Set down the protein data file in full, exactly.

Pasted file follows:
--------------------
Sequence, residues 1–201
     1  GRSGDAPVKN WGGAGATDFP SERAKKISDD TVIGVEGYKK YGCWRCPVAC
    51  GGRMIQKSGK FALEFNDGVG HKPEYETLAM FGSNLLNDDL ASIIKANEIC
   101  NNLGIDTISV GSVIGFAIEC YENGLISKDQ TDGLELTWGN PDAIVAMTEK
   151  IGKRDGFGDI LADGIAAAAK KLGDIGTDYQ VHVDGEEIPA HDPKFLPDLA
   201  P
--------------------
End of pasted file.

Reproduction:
Sequence, residues 1–201
     1  GRSGDAPVKN WGGAGATDFP SERAKKISDD TVIGVEGYKK YGCWRCPVAC
    51  GGRMIQKSGK FALEFNDGVG HKPEYETLAM FGSNLLNDDL ASIIKANEIC
   101  NNLGIDTISV GSVIGFAIEC YENGLISKDQ TDGLELTWGN PDAIVAMTEK
   151  IGKRDGFGDI LADGIAAAAK KLGDIGTDYQ VHVDGEEIPA HDPKFLPDLA
   201  P